|| ...and I have a strong appreciation for Mark Weigle, the man, as well. This album, like any good man, takes time to reveal its secrets. "Mark Weigle" begins with "White Guy", more directed towards the listeners who will enjoy its snarky humor than to white guys. It's a gauntlet to run before entry is allowed to the album’s inner sanctum. Of the next several tracks, intriguing glimpses of the inner man on "Plenty" and "Used To Be" balance simple virtues with sophisticated understatement, and "Easy" is a ballad for a love not meant to be. In "Some Mercy" lies as beautiful and sad a lyric as has ever been written: "Promise not to notice / the tremble in my touch / Stay and hold me while I cry / For all of my wasted love". But "All Kinds of Love", "The One", and "First Blush" are "Mark Weigle"'s solid center.
|| Weigle’s favorite theme may be the connections between the spiritual and the sexual. He celebrates their concurrence, their meeting places, the points of contact, the bridges between spirituality and sexuality. On SoulSex, his previous album, he expressed that explicitly. "Mark Weigle"'s songs have an explicit nature as well - not in the sense of language and topics prohibited to children, but as explicit as the layers peeled from a sharp-dressed man, explicit as rain is on muddy rocks, explicit as the gentle/manly honesty exhibited for all to see.
|| "All Kinds Of Love", as agile, expressive, and light as a soft-shoe tapdance, promises (quietly) joy, fulfilled. I’ll not quote, but let the lyrics’ plainspoken confidence effect you at first listen. Something this beautiful but understated, presented as a country two-step folk song (or is it a reggae lullaby?), is so unassuming and egoless it seems impossibly simple.
|| "The One" is the softest cut (in more ways than one) on the album. Its sweeter arrangement nearly obscures its heartbreak. At two and half minutes, its brevity is an example to less competent songwriters who think every idea must be expanded into repetitive choruses and variations. "The One" cuts close, but clean.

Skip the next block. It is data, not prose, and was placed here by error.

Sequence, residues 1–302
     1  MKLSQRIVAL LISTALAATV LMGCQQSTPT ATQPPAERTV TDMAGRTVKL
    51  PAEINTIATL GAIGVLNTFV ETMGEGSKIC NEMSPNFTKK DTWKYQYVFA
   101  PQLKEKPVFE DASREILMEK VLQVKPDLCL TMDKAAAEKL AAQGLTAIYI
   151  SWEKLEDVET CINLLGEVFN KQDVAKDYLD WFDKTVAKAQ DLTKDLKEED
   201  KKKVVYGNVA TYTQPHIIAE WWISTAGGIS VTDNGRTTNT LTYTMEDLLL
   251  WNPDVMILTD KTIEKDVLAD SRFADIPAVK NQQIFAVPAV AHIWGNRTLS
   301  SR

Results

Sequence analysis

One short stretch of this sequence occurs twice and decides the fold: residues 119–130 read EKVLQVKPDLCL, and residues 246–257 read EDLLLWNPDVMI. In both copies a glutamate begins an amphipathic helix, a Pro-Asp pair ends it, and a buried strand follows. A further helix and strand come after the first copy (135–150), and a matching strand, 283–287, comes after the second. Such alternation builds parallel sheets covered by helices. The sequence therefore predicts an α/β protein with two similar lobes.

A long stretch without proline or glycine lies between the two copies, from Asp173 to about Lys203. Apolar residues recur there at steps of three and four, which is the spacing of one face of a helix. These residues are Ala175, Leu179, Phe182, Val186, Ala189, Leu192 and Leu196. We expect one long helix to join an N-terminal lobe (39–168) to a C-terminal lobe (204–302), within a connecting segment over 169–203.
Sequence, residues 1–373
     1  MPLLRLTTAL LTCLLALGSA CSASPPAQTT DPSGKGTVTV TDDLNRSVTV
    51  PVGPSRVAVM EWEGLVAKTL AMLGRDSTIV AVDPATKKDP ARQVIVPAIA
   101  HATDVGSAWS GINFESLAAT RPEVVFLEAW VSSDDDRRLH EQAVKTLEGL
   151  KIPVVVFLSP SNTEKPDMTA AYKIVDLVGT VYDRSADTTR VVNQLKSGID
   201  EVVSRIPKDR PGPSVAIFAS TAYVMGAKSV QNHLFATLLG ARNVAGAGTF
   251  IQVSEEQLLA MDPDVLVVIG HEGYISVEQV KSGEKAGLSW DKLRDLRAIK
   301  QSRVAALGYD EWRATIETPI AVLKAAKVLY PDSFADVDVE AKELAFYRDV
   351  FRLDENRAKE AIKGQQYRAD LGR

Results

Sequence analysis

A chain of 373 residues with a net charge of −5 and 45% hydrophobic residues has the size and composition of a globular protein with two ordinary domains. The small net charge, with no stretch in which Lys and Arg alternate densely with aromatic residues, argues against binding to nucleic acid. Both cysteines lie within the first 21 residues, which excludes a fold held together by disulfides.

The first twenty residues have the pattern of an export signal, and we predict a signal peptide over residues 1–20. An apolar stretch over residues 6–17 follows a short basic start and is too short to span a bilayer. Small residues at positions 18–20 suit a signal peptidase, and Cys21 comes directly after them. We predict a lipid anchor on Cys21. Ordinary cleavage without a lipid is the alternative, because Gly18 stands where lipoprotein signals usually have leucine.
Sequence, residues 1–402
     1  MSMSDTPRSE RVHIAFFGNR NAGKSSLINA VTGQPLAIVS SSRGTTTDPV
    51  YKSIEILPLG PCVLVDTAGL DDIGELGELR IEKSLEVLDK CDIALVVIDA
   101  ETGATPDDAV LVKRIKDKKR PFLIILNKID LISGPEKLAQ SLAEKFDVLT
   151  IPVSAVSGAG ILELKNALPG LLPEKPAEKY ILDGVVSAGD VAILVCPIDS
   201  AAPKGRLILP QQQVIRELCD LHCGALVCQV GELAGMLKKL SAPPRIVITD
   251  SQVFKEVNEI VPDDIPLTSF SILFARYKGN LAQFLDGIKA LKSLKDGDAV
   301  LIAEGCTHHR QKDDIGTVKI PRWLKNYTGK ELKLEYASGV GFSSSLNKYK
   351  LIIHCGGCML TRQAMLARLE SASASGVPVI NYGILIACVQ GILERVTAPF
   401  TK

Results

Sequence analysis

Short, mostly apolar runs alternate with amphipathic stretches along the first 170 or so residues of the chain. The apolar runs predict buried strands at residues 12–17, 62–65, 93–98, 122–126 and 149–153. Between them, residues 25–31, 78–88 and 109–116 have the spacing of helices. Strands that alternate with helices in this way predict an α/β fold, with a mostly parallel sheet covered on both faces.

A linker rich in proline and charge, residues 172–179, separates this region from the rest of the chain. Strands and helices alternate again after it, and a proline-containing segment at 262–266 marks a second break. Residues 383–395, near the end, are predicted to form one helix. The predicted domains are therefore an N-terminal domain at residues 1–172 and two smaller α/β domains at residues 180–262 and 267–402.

|| "First Blush" employs self-restraint differently, the sung melody accompanied by a number of guitars which play tight counter-melodies that build like wordless street-corner harmonizers singing with pluck(s), not doo-wahs.
|| Resist the temptation to conclude these folky songs are simple. You may perceive them as easy listening, but do not deceive yourself that these songs are easy. If it was easy or simple to write, record, perform, and promote songs this good, you'd hear a lot more like them, wouldn't you?
|| Highlights in the second half: "Rainbow Ride" embraces a post-Gay freedom from gaystream trappings, that are dismissed with the delicious line: "You gay your way and I’ll go mine." "To Know" reveals the inner monologue which accompanies one’s personal, universal struggle for one-to-one intimacy when it’s so much easier to slip comfortably into routines. "Sweet Real" flirts with nostalgia and transcends it, giving voice to one of my favorite themes with the opening line "I grew up taking real for granted". By song’s end, a travelogue-full of memories offers evidence enough to show deeply what real is.
|| This album "Mark Weigle", like any good man, shows how much he has grown.
|| Weigle has shown his inner truths before, but there’s a consistent, centered, grounded difference this time. A greater percentage of Weigle’s songs make a solid impact, land their blows, than on prior albums. And the criticism I’ve withheld from previous albums is that Weigle’s "Deep, flannel-warm voice" (as Armistead Maupin puts it) has often been too much so, muffling consonants to the point of inaudibility. Not so much here, with a striking improvement in placing Weigle’s voice, stronger than ever, more forward in the mix.
|| This album "Mark Weigle", like any good man, is not perfect.
|| I love the song "Your Laptop Screen", which reappears here after previously appearing almost buried among sexually blatant (but fun!) tracks on SoulSex. And if ever there was a track which deserved to be given that kind of unusual attention, the kind which is an independent artist like Weigle’s prerogative, it’s “Your Laptop Screen”. But the song also deserved to be re-recorded, with a more in-tune acoustic guitar.
|| As Jim Fouratt wrote in his review of SoulSex, it’s also true "Mark Weigle"'s songs could "have been the soundtrack of Brokeback Mountain…". And he is "a gay musical treasure [and] country icon, waiting to be discovered by the world." It's a vision I share, and I hope, once you discover Weigle’s music for yourself, you will too. If enough folks treat Weigle’s music with the love it deserves - if folks stand for nothing less, it will be heard at hoedowns and back porches across the land. And on soundtracks, too.